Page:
From technology to mitigation, what's changed 4 years after Hurricane Harvey

Nick Natario Image
Thursday, August 26, 2021
4 years after Harvey, flood mitigation projects still far from done
Houston and Harris County have committed billions of dollars to remedy the flood problems exposed by Hurricane Harvey. Four years later, though, many of those projects are far from complete.

HOUSTON, Texas (KTRK) -- From technology to mitigation projects, much has changed four years after Hurricane Harvey, but for some neighbors, it's not moving fast enough.

Aug. 25 brings back painful memories for Doris Brown, whose northeast Houston home was filled with inches of water during the 2017 storm.

"It was devastating to me," Brown recalled. "I was angry. I was hurt. Disappointed. I went through a whole range of emotions in 35 or 40 seconds."

Brown lives not too far from where ABC13's cameras captured rising water near the Eastex Freeway and Tidwell Road.

With another storm potentially forming in the Caribbean, Brown's worried about early next week.

"It just gets horrific as time goes along from just a thought that every hurricane will bring more devastation to your life," Brown said.

Harris County Meteorologist Jeff Lindner said people should prepare and pay attention this weekend. He suggests that people should also take a look at the county's flood warning system.

"You're in control of it," Lindner explained. "You set the levels you want to be alerted for."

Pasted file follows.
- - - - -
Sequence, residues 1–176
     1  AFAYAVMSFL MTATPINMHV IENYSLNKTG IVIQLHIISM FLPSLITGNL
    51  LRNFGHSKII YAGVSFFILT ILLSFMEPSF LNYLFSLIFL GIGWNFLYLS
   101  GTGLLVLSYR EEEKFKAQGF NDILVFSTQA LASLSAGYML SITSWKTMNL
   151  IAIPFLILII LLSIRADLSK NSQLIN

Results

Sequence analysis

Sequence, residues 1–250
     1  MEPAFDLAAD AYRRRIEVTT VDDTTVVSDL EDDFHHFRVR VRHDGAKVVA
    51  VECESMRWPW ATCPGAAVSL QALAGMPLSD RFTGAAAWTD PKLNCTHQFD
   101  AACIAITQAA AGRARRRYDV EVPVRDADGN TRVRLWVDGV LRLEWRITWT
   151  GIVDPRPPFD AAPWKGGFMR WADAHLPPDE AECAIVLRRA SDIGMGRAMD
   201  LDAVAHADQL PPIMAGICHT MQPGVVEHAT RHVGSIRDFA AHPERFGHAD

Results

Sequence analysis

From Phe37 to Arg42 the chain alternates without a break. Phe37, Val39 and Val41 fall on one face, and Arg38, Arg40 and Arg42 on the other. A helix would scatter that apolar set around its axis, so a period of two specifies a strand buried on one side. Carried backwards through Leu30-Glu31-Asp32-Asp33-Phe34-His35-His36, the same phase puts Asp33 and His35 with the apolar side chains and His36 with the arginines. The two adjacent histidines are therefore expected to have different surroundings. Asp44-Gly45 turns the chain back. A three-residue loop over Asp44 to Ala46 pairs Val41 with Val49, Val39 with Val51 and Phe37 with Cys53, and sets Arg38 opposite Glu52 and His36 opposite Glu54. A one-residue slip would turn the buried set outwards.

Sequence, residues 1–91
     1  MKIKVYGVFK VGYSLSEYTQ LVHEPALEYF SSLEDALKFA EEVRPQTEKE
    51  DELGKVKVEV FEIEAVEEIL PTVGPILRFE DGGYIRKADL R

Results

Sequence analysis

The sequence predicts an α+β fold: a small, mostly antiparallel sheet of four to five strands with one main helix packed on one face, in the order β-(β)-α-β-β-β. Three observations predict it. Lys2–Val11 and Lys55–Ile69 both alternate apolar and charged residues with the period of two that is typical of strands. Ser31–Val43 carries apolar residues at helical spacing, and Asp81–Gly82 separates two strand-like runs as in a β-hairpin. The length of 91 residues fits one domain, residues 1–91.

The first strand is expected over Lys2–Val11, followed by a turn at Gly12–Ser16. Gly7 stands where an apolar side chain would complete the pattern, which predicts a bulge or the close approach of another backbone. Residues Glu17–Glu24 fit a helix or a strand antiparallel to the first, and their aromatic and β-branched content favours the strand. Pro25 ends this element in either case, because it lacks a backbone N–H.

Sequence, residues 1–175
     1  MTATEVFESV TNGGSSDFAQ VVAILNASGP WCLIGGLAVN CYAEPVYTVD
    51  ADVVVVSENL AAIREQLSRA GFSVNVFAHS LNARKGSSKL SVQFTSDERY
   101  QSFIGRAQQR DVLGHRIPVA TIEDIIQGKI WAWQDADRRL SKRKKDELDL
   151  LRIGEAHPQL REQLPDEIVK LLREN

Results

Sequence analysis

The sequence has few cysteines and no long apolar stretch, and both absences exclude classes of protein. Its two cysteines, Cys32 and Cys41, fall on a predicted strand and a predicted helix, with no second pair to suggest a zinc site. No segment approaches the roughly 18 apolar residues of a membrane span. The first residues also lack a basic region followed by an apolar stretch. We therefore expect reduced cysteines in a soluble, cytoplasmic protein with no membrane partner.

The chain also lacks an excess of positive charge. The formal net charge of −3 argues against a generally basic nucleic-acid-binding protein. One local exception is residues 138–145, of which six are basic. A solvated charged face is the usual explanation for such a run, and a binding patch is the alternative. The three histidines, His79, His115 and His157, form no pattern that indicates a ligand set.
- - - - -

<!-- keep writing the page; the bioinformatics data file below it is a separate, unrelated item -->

The system was in place during Hurricane Harvey, but four years later, there are changes. Now, it's mobile-friendly, and you can get the mapping to show how high the water is near your location.

"Making that into a graphical picture, showing how close the water is potentially getting to certain areas is more of a visual aid to helping people make the decisions they need to make," Lindner explained.

The county and city of Houston have also been working on mitigation projects since Harvey. So far, Harris County has completed 27 of about 180.

The city of Houston said it's invested $780 million in infrastructure projects but needs another $1 billion.

It could take years to complete work, but Brown fears she doesn't have time.

"Everyone is on the edge of their chair," Brown said. "We're nervous. We just want to know why? What has been done?"

These are questions she ponders as another storm potentially forms, in which she hopes doesn't bring anymore painful memories.

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